I sat them in the sun on a park bench,
Located along a winding path to the ocean.
A lovely young woman came my way.
Angelica was her name and,
She sat with her back to my wings,
That were nicely drying on the bench.
She was meditating,
And the joy in her heart,
Reached through her body and,
Hooked the wings to her back.
As she woke up,
She glowed in a shimmer of light.
God told her he had a new role for her,
That she would be a bridge of love,
Between Heaven and Earth.
She didn’t hesitate,
Got up from the bench,
And took the path to the ocean.
At seashore God handed her a halo,
Prayed over her,
And they both vanished.
As for me,
My wings were growing in,
And on wash day,
I would find a new Earth Angel,
To bestow with my wings,
All washed, refreshed and revitalized.

(This poem was written in Hawaii on board the plane to the Big Island. When we got to the car rental office Bob went inside to secure our car which had previously been ordered. I waited outside and happened to notice artwork on the back of a woman also waiting for a ride on the shuttle to the airport. Upon closer view I discovered that she had a large pair of wings tattooed on her back.. I guess God has new technology.)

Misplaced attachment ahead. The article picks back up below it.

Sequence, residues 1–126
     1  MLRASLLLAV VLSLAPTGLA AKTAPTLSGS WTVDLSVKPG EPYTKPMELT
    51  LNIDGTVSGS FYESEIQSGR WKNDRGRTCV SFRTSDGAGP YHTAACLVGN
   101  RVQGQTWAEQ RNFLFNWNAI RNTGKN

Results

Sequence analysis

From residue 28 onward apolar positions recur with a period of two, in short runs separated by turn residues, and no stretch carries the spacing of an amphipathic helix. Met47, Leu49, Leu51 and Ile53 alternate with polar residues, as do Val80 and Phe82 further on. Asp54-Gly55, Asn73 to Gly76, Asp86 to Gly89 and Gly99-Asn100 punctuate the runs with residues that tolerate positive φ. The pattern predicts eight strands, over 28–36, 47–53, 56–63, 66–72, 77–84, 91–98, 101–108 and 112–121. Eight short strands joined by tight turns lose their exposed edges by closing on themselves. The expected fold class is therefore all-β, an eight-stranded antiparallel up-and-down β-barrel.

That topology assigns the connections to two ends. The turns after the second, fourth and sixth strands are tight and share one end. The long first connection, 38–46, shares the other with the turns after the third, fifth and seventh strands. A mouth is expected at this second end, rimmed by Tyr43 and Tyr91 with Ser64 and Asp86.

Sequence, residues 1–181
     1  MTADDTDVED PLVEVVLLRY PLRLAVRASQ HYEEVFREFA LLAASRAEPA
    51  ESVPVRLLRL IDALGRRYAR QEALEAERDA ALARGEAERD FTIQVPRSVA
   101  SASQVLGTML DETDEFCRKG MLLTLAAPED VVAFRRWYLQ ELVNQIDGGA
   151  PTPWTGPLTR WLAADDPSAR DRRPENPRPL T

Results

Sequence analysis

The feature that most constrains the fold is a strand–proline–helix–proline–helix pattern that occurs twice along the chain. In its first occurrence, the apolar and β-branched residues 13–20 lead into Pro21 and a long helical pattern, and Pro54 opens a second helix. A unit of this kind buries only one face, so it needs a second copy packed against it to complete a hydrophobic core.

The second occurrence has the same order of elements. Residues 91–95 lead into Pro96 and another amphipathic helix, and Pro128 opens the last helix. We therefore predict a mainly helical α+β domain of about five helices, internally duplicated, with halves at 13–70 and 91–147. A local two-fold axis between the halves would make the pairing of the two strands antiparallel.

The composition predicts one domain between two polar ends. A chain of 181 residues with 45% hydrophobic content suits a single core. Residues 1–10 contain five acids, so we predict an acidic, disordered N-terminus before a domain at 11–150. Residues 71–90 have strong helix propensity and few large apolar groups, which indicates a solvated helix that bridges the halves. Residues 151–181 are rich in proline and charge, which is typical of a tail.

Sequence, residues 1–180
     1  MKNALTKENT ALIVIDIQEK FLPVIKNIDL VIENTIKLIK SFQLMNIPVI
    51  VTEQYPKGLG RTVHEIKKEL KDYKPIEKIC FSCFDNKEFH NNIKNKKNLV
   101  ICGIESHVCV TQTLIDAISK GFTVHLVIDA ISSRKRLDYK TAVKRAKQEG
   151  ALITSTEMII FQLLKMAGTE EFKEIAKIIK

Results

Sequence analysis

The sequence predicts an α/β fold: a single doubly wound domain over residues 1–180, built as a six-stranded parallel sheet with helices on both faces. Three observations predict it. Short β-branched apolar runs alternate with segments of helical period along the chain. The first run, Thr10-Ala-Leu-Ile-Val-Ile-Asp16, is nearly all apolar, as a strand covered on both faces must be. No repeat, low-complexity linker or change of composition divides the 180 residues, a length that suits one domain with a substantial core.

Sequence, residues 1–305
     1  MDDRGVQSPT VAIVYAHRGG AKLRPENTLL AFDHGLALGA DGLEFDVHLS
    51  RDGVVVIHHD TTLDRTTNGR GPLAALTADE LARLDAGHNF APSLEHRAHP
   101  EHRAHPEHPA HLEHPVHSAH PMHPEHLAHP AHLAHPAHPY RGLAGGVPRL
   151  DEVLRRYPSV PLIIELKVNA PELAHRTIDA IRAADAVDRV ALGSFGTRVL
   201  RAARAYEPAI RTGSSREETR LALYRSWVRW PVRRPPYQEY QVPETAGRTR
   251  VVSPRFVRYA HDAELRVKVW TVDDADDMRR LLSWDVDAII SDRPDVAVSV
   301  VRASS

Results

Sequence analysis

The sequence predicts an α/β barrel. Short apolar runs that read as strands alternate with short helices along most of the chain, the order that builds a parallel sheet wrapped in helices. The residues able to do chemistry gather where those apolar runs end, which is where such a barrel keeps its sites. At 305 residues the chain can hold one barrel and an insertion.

Angel Wings

Alma College Alummi & Newspaper Reporter

I Am Alma, Your Mother Forever
Alma College burned down May, 2008
By Gail McNaughton, June 3, 2008

I was once a community within a community.
I was prosperous and my doors were open to all.
I was a Mother with arms around the women of the world,
Who dignified me with their presence.
They will remember me for I stood for stability in their lives.
I was the energy and catalyst for them,
To take their place in the world.
They laughed in my corners,
Saw hope out my windows,
Danced in the halls,
Made life-long friends,
But stayed near and far.
Near, to remember their youth,
And not too far to return for a visit.
Don’t cry for me for I nurtured you well.
Don’t pine for me for I am alive.
I am bricks.
I am ashes,
But the essence of who I am,
Is sacred space within your heart.
I will always be your Alma –
Your passage of time through my doors,
And your memory of yesterdays.
Don’t forget that I am still here for you –
In the spirit of the community,
In the roots of my soil,